Deal-making Activities Plunge 51% to $83.8 billion in 2023

Analysis of the Plunging Dealmaking Activity in India and Its Impacts on Industries, Stocks, and Retail Investors

Source: According to a report by LSEG Deals Intelligence (January 5, 2024)

Retail Investors’ Perspective

The sharp 51% decline in deal values involving Indian companies in 2023, reaching a three-year low of $83.8 billion, signals subdued business sentiment amid global economic challenges. Retail investors should anticipate increased market volatility and downside risks in Indian stocks, particularly in interest rate-sensitive sectors. While corrections are expected, long-term investors can focus on quality companies with robust fundamentals, especially in the financial services sector, where consolidation opportunities may arise. Market leaders across industries remain resilient and could gain market share during these uncertain times.

Deal-making Activities Plunge 51% to $83.8 billion in 2023

Industry Impact

The funding slowdown will adversely affect capital-intensive sectors that heavily rely on external financing for projects and expansions, including infrastructure, real estate, manufacturing, and energy. However, defensive sectors such as healthcare, utilities, telecom, and consumer staples may benefit. Overheated sectors like tech and crypto-related startups might see a pullback in valuations, presenting long-term opportunities. Consolidation, especially in financial services, is anticipated as a result of reduced funding availability. Distressed assets may stimulate long-term returns for patient investors once the economic cycle turns.

Long-Term Benefits and Negatives

The dealmaking slowdown reflects a correction of overheated asset prices to align with India’s real GDP growth trajectory. Sustainably priced assets will lay the foundation for India’s next growth phase. However, near-term uncertainty may lead to deferred investments, hiring freezes, and moderate job losses. Lower deal volumes will slow credit growth, affecting demand, yet India’s robust domestic consumption and services sectors provide underlying resilience. Distressed assets could yield long-term returns, but the funding environment poses challenges for startups and venture capital.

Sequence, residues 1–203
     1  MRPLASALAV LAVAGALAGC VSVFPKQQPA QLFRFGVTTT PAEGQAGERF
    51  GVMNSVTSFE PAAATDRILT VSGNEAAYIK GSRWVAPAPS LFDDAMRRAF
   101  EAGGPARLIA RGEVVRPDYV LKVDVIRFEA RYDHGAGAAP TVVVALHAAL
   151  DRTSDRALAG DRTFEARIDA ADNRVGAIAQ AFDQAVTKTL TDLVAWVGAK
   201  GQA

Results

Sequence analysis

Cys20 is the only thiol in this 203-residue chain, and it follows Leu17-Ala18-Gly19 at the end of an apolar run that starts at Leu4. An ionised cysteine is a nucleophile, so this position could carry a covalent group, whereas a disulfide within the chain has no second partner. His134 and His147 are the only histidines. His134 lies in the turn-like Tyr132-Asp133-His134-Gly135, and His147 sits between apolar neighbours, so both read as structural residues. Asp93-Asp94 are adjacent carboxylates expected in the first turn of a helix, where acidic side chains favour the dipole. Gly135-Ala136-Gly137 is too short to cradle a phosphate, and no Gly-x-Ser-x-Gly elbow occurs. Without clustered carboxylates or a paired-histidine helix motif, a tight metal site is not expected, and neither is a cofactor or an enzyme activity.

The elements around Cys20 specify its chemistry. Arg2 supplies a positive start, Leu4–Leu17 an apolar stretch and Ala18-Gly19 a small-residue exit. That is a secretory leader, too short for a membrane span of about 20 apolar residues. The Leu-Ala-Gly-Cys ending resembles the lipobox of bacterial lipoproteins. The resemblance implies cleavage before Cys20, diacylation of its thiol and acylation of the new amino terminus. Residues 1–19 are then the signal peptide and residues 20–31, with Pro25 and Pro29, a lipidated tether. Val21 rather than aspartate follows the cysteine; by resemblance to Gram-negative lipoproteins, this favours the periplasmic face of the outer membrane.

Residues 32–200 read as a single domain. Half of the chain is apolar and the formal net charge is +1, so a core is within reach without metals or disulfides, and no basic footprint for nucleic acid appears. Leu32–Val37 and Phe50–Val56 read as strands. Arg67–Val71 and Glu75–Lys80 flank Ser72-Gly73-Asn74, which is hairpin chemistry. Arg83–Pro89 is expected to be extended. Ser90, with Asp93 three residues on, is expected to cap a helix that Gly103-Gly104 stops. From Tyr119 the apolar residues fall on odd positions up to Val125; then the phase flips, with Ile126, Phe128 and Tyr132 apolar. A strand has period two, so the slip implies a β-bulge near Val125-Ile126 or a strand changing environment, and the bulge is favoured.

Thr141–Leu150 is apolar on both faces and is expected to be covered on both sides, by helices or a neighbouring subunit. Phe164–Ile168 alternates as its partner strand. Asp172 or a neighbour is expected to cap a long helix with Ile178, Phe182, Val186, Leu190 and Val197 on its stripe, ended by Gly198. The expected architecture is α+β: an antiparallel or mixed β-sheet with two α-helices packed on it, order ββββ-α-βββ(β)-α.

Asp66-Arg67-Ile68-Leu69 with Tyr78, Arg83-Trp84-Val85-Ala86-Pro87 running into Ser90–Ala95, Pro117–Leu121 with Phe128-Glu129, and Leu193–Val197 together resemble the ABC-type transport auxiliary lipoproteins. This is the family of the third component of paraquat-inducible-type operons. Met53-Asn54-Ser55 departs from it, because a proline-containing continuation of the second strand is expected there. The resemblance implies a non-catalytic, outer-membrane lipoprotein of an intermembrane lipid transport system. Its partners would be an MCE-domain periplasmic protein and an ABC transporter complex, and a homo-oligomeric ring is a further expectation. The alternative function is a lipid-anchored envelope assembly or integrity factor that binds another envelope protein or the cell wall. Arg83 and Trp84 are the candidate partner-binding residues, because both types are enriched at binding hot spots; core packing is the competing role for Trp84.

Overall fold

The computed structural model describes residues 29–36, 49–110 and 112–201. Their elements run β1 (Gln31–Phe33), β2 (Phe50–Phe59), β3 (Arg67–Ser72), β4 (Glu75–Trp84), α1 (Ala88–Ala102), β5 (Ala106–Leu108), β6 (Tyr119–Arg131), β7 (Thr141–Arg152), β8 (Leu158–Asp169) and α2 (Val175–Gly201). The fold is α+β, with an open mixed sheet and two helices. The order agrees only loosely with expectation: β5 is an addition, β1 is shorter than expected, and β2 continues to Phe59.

Short-Term Benefits and Negatives

In the next 6-12 months, investors should prepare for significant stock market volatility, particularly in rate-sensitive sectors. Lower deal volumes suggest limited earnings growth potential for mid-cap and small-cap stocks. Quality large caps should be prioritized, while sectors like IT services and pharmaceuticals may face margin pressures. Banks and NBFCs are likely to turn risk-averse, impacting borrowing costs and liquidity for real estate developers. Resilient sectors such as defense, telecom, and utilities may prove advantageous. While short-term challenges persist, India’s positive long-term structural story, driven by favorable demographics and ongoing reforms, remains intact.

Impact of Deal-Making Plunge on Companies:

Indian Companies:


  • Mid-market companies: With large deals dwindling, investors may turn their attention to smaller, promising companies. They may see increased funding opportunities and valuations due to less competition for capital.